What she does is everything good, and so generous.  Get some of her books, and put on your biggest, softest sweater, and get into an armchair with a cat, and read them.  And then paint your days.  Susan Branch is  good medicine for me.
I thought you might like to see the Puntilla, all finished:
For this, my own biggest, softest sweater, I used Uncommon Thread Posh Fingering, in the colorway "Peat".  Just, purely divine.  The lacy trim (which is what "puntilla" means) is in Madelinetosh Merino Light, "French Gray."  I am pretty pleased with this one.  
I have to tell you about this, too:  lovely Arianne has finished the blanket!  Without her, that would still be a pile of squares, haunting me and making me feel guilty.  I'm so pleased.  You should go have a look.  

Friday, January 26, 2018

The Waiting

Sneak peek:  this is Puntilla, pattern by Joji Locatelli in Posh Fingering from The Uncommon Thread, colorway "Peat", with contrast color in Madelintosh Merino Light, colorway "French Gray".  Gray, gray, gray.  I'm so basic it hurts.  I finished this late last night, over episodes of Season Two of Poldark (George is such a treacherous little creep...) and blocked it to dry overnight.  It is still damp this morning, with dangling ends still to be woven, and I am waiting.  Is it dry yet?  Now?  How about now?  And my mind is full and whirling with the very pleasant project of figuring out what to make next, so I'm deep in the caverns of Ravelry, and headfirst in the stash cupboard, and making little notes and drawings of what I might like.  This might be the best part of finishing something--the dreaming up of what comes next; so much possibility, and so much adventure ahead.  The sun shines today, in long hopeful beams across the melting snow, and across my clean floors and freshly-painted walls, and over the drying handknits.  Do your stuff, old friend.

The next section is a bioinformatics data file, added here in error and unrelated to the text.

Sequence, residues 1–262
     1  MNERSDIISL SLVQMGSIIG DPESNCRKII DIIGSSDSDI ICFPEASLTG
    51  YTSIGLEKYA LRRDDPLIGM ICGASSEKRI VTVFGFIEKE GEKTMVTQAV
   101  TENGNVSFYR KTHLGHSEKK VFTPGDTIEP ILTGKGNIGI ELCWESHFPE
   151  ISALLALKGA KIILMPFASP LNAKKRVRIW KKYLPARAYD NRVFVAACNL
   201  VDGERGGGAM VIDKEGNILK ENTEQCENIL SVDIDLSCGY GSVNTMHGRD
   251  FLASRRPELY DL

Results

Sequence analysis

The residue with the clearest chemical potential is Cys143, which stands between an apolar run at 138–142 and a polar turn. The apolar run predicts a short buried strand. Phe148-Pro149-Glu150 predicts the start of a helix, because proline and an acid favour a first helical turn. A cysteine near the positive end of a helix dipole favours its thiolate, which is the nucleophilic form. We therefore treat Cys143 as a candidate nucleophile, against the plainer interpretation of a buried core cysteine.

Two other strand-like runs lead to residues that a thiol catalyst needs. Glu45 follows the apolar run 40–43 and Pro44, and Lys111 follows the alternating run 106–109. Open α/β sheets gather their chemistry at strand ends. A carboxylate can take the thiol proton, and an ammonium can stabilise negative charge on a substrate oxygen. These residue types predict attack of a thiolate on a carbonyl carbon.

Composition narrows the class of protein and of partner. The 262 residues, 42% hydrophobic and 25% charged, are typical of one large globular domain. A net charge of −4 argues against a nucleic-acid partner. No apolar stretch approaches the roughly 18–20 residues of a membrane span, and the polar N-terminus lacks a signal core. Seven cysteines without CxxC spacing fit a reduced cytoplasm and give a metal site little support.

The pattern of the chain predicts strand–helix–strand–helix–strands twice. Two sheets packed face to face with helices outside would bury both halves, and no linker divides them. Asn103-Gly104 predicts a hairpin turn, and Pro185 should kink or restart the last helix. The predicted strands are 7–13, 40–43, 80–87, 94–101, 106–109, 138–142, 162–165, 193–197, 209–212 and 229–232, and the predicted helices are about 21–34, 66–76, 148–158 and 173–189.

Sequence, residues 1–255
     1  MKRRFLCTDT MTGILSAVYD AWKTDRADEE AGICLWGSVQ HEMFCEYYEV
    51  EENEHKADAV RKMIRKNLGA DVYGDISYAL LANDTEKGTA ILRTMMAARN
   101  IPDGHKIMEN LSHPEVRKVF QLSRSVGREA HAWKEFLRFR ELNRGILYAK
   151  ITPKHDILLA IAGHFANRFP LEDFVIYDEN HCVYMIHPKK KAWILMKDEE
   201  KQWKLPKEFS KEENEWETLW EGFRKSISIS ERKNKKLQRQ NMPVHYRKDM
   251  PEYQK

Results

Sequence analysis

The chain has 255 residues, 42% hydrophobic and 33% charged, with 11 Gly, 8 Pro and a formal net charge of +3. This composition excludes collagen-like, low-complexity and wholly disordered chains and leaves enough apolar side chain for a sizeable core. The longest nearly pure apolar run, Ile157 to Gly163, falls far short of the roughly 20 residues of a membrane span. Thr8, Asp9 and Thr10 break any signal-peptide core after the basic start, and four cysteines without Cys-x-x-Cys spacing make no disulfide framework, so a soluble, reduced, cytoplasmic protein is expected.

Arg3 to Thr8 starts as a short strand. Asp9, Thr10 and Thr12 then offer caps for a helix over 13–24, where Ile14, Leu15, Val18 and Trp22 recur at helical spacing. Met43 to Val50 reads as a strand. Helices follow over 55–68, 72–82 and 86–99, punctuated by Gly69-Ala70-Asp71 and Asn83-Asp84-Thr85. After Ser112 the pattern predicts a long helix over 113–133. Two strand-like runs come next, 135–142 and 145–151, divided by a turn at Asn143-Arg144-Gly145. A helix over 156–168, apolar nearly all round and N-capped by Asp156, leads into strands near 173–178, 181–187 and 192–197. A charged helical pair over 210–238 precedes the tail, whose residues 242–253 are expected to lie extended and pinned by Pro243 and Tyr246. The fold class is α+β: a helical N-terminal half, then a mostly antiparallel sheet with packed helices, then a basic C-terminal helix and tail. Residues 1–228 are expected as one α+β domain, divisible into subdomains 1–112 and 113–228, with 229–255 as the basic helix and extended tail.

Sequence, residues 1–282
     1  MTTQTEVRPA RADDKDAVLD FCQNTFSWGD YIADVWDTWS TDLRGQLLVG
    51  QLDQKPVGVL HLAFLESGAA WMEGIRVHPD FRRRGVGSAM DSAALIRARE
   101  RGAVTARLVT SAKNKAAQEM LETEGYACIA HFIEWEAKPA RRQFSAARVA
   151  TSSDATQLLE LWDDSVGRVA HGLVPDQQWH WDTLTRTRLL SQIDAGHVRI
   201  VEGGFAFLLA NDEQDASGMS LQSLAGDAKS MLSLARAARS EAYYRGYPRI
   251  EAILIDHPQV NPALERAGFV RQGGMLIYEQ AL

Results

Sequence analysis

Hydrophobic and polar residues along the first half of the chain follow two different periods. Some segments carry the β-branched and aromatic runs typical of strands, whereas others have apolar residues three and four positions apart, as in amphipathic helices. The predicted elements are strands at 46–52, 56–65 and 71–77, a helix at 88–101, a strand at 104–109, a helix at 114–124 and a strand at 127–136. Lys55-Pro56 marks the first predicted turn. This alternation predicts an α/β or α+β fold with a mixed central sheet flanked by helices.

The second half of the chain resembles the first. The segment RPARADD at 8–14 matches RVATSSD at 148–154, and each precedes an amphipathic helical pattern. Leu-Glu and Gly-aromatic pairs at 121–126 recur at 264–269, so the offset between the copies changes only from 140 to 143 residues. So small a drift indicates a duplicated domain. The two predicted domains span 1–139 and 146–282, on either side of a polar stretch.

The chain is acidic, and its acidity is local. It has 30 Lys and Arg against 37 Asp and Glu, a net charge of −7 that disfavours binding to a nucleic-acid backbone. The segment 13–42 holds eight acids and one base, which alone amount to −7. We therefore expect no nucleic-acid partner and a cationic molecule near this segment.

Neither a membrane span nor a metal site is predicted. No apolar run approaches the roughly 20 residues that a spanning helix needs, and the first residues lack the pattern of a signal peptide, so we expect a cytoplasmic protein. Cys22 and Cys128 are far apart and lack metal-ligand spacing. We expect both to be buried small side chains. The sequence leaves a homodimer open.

Tuesday, January 16, 2018

Birch Bark

We're having slow days here.  If the sun shines, I run to the window and turn my face towards it, my eyelids glowing and orange from the inside.  I wait for the snowplow to thunder by.  I read and knit and read and knit.  There are three sweaters in progress, and all three of them are at the same point--endless, soothing miles of round and round knitting as I work my way down the body to the hem, the book propped up in front of me.  I get so much done that way, honestly.  Sweaters knit themselves when the book is good.  This kind of project is also perfect for a string of evenings staring at the Netflix box--this is my latest binge, oh my goodness.  Doc and I both think we are so funny now.  We keep working on new bits, cracking each other up, slapping the table.  He had one at breakfast this morning about Alternative Sanitation.  We worked up a whole hilarious idea about a coffee shop that only had decaf, called "Sleepy's", and we were breathless with laughing.  Every single thing seems funny right now.  

[edited:  I had a question about how the reading + knitting thing works--basically, I sit at the kitchen table (we have comfy chairs there) with the book propped in one of these, and blaze along on the long stockinette parts of socks or sweaters, which I can do without looking at it.  I learned to knit without looking when I got tired of having to decide between reading and knitting, just by practicing until I felt confident. It's one of the most useful tricks I've ever learned!]

Tuesday, January 9, 2018